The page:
Despite having lived in Canada for eleven years, I had never eaten a Nanaimo bar. In fact, I had barely heard of them. But according to this month’s DB hostess, the amazing Lauren from Celiac Teen (one of my favourite bloggers), Nanaimo bars are a quintessentially Canadian treat from British Columbia.
Having made these, I feel a little bit more Canadian. :-)
There were two parts to this challenge: the first was to bake the graham wafers necessary for the base layer of the bars, and the second was to assemble the bars themselves. Lauren’s baking is strictly gluten free, and she gave us instructions for baking gluten free graham wafers. However, she kindly gave us a wheat-based version as well. This was much appreciated, as I was unable to find sorghum flour in time, and ended up using wheat flour. But I was a bit disappointed at not being able to try my hand at gluten free baking: despite having no issues with gluten myself, it seemed like a really interesting experience, and definitely a challenge.
I had never made graham crackers or wafers, but the recipe was fairly straightforward. The dough was very forgiving and rolled like a dream. Also, it smelled amazing, thanks to the brown sugar and the honey: I was in olfactory heaven the whole time I was rolling it.
The only issue with the dough was that it was quite sticky. Therefore, I didn’t roll it too much, and my wafers were rather thicker than they should have been: more like cookies, really. The odd thing is, they still browned much faster than predicted, and I had to take them out of the oven way before the allotted time was over. They were still very soft, but firmed up as they cooled on a rack. And the taste was quite nice: not too sweet, with a hint of honey, and a snappy texture.
With the graham wafers done, the baking part of the challenge was technically over, but there were still bars to be made. Nanaimo bars consist in three layers. The bottom one is a mixture of graham wafer crumbs, cocoa, melted butter, chopped almonds, and shredded coconut. The middle is a kind of vanilla-flavoured custard and butter concoction. And the top is a simple chocolate glaze.
Now, the problem is, I’m not too big on vanilla custard – or vanilla anything, really, except in very specific conditions. So I decided to experiment a little, for once. As I was brainstorming for flavour ideas, I voiced my ideas out loud to my boyfriend Laurent (not to be confused with Lauren, our hostess ;-) ):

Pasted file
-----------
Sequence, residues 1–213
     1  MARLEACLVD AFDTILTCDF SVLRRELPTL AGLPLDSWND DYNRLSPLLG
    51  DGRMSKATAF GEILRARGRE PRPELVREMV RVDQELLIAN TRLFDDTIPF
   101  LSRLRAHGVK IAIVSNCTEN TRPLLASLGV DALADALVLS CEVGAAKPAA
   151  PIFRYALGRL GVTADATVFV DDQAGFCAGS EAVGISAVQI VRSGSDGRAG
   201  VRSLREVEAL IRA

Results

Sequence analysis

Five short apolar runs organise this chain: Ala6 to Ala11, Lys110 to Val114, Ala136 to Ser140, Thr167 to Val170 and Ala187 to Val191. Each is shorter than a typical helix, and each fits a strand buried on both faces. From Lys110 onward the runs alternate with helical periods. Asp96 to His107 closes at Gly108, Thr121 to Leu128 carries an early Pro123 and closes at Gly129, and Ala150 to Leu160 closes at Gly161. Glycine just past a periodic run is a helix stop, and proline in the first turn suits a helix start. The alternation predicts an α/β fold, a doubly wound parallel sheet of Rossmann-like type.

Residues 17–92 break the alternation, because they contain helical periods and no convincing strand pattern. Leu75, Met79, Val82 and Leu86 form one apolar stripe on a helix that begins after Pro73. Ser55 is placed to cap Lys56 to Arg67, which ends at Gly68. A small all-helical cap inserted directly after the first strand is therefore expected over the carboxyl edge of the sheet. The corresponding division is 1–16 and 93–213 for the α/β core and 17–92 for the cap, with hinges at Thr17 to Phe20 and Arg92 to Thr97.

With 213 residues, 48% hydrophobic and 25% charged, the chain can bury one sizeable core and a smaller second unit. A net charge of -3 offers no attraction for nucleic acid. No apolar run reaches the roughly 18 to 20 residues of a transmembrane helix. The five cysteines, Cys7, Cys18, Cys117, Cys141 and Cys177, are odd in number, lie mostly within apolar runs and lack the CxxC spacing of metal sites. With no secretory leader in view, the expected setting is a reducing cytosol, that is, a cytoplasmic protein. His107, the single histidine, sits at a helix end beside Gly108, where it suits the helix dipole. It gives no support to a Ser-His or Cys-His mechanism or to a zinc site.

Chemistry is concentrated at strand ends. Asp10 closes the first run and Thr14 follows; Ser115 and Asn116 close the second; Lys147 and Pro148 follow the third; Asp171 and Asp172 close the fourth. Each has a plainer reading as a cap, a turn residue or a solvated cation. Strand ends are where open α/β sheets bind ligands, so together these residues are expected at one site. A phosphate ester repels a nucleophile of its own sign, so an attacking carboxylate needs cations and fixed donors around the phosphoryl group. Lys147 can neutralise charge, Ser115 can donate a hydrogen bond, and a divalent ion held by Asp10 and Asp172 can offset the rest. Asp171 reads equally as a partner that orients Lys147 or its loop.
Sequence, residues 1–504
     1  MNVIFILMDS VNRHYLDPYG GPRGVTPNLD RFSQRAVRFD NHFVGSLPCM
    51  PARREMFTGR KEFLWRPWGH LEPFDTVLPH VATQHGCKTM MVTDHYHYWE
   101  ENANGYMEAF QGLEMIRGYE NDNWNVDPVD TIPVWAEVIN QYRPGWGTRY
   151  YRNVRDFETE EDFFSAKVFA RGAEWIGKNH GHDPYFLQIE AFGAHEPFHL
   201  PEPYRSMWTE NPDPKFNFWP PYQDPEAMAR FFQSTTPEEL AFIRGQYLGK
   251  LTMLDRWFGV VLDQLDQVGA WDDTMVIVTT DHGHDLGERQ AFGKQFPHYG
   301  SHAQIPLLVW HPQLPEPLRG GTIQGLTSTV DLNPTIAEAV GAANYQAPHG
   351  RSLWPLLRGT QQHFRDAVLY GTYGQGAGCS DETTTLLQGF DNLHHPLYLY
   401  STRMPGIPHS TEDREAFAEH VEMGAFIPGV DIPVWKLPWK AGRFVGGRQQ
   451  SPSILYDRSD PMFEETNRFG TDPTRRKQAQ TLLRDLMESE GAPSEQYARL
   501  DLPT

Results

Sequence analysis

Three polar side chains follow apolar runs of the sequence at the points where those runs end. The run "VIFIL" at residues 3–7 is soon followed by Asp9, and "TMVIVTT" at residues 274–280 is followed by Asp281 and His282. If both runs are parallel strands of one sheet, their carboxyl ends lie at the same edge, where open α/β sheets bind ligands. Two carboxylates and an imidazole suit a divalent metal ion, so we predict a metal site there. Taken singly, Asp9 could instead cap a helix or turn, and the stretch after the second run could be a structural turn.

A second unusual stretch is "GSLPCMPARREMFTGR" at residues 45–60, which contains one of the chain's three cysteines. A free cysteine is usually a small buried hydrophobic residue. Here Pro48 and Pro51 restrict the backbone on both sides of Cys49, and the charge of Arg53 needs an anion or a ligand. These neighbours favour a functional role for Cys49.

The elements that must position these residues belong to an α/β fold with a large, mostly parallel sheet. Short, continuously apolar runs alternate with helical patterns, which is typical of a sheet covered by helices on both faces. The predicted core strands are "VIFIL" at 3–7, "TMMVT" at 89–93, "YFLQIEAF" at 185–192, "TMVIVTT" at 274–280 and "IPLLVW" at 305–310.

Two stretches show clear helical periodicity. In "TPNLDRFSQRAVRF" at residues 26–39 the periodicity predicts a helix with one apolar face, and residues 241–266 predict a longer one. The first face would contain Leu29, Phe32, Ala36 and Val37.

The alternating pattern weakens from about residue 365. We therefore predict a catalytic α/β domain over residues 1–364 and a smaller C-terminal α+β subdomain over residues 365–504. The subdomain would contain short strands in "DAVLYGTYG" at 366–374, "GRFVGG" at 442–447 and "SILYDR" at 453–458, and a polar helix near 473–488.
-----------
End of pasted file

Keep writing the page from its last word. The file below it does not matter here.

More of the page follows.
“What are your feelings on the peanut butter and chocolate combination?”
“Hmmm…” he replied. “It sounds good.”
“You make it sound like you’ve never had peanut butter with chocolate.”
“You – You’ve never tried it? Not even in a Reese cup?”
Now, Laurent has lived in Canada nearly all his life, so this state of affairs may seem surprising. But there are two factors that can explain how he has managed to go through life without ever having eaten a Reese cup. For one thing, his father bakes, which means Laurent grew up with homemade desserts, not candy bars. Also, he didn’t have a sweet tooth as a child: I’m told he used to prefer olives to chocolate back then; it’s only recently that he’s developed a taste for desserts. So it makes sense that he has had very little contact with brand-name treats.
Still, I couldn’t allow him to be ignorant of the wonders of peanut butter and chocolate any longer. So I tweaked the original Nanaimo filling recipe, and made a peanut butter version (recipe below).
Also, I didn’t have a square 8x8 inch pan, only round cake pans. So my “Nanaimo bars” ended up being more like “Nanaimo torte wedges” – complete with crust!
And how did they taste? Honestly, better than I could have hoped for. It was, in two words, deliciously decadent. The almonds in the base could be substituted with other nuts, but the coconut is essential, both for taste and texture (gotta have that chewiness). The taste of peanut butter wasn’t quite as strong as I would have liked, but that was my fault; I’ve corrected the quantities in the recipe below, for a stronger taste. Other than that, I really enjoyed this bar (or wedge, or whatever), with all the different textures of the base, the creamy filling, and the intensely chocolatey taste. Next time, I might crush my graham wafers to bits, rather than grind them to crumbs, to add a crunchy texture to the rest.
Nanaimo bars are rich to begin with, and I suspect the addition of peanut butter didn’t help: one little slice at a time is enough. So these bars might last us a while, or we might end up distributing them among our friends. But I’m sure they will be very much appreciated, either way.
Thank you so much Lauren, for this really fun and tasty challenge! And for introducing me to an essential part of Canadian culture!
For the original challenge recipe, click here. And check out the other Daring Bakers’ Nanaimo bars over here!
Peanut butter filling
50g (1.75 oz, 1/4 cup) butter, cubed and softened
80ml (1/3 cup) smooth peanut butter
3 tbsp heavy cream
1 tsp vanilla extract
200g (1 1/2 cup) icing sugar
Cream the butter and peanut butter together until smooth and combined. Whisk in the cream and vanilla extract. Gradually whisk in the icing sugar until the mixture is homogenous.